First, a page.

New Media Producer: Brad Maglinger
In Dallas County Texas, where at least a thousand cases of the flu have been reported health officials hold a news conference to urge the public to get vaccinated and to use common sense.
Dr. Octavio Ramilo, from the Dallas Children's Medical Center, says, "There is no reason not to get a flu shot. You should challenge yourself. The public health system is here and provides the resources. We need to make a commitment and responsibility. It's in our hands, we know how to do it, and we have to do it."
The Center for Disease Control confirms widespread outbreaks of the flu in ten states, with all but seven reporting at least some flu activity. Along with the higher than normal numbers, it is the cluster of deaths in children, as many as six in Colorado, and a handful in both Texas and New Mexico that have health officials on alert.
The CDC says there may be a couple of reasons for the rough start to the season: the strain - Type A, is usually more severe than the others.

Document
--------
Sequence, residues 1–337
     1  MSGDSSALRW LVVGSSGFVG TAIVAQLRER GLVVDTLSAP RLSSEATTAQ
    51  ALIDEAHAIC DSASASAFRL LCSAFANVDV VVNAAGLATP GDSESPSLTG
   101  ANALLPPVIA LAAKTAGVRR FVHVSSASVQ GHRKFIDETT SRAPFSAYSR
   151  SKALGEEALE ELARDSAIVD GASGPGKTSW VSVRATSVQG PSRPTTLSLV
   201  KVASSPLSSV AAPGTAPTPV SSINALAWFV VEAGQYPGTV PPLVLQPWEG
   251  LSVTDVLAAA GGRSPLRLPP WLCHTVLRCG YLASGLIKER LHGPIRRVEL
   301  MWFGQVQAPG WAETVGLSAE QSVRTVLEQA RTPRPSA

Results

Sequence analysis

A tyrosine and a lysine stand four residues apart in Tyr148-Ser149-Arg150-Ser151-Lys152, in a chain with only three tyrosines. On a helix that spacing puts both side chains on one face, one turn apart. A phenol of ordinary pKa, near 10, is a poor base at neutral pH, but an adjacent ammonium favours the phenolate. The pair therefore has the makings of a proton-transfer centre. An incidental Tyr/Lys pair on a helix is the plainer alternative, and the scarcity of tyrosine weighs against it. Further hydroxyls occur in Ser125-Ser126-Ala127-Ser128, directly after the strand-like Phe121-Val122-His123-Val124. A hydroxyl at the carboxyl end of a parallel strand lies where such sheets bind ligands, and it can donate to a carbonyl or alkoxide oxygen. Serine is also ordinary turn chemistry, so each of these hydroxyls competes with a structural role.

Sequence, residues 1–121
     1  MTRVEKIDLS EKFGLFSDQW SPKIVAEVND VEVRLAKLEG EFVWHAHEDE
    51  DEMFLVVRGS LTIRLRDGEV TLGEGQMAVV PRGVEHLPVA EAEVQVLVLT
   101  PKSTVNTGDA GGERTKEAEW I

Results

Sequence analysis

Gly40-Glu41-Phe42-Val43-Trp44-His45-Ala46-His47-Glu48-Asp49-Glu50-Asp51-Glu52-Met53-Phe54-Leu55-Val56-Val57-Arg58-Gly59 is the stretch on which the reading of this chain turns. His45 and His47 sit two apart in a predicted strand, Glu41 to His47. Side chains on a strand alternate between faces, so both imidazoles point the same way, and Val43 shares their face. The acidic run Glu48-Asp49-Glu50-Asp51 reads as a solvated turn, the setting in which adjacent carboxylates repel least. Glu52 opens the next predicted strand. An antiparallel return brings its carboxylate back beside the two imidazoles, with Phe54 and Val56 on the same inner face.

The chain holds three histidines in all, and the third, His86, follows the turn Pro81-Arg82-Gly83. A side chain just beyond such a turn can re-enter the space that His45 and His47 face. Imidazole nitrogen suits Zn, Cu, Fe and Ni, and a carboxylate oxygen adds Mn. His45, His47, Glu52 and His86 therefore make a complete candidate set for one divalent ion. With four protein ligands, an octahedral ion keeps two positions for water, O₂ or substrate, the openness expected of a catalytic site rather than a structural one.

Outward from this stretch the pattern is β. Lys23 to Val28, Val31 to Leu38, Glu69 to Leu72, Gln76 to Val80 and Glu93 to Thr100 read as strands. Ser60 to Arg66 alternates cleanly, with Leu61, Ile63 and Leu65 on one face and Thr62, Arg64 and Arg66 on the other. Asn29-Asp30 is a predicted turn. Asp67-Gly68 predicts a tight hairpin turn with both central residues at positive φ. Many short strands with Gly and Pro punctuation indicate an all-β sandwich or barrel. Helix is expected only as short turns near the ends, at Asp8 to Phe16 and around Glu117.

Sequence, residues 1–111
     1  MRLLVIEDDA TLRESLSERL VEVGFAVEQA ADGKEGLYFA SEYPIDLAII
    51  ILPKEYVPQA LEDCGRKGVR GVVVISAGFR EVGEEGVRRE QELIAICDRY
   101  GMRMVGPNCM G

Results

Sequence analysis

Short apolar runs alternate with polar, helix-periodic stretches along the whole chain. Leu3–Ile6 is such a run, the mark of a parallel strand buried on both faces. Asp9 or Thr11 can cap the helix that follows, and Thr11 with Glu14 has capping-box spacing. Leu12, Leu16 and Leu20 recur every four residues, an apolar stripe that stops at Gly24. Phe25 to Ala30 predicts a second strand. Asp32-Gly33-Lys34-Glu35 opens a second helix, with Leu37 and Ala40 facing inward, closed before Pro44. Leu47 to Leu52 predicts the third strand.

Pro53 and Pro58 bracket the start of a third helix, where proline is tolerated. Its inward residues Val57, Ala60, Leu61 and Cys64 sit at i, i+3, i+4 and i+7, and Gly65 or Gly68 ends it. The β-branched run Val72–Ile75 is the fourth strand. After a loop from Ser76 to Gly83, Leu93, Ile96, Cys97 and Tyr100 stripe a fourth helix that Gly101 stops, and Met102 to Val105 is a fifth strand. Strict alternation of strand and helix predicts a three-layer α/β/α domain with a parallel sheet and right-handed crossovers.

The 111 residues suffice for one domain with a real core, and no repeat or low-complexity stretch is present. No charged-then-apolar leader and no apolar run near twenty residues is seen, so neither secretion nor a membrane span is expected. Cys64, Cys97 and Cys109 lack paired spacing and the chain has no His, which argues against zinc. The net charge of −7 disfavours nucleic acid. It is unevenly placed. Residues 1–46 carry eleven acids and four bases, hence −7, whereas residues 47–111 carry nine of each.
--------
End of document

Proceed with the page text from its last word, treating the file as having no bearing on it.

"When we look past over the last couple of decades, we see that in years in which this Type A, particularly Type A H3N2 is the most common virus, that levels of severe illness and death can be higher in the country than with other viruses," says Dr. Keiji Fukuda from the CDC.
In addition, flu researchers have identified a mutation of that is not covered by the vaccine. The CDC stresses because the mutation is from the Type A family, the vaccine should offer some protection and stress that a flu shot or spray is still the best defense.
Health officials say well over half of the flu cases this year are in children. That is not surprising, because kids are often in close contact situations, like schools and daycare.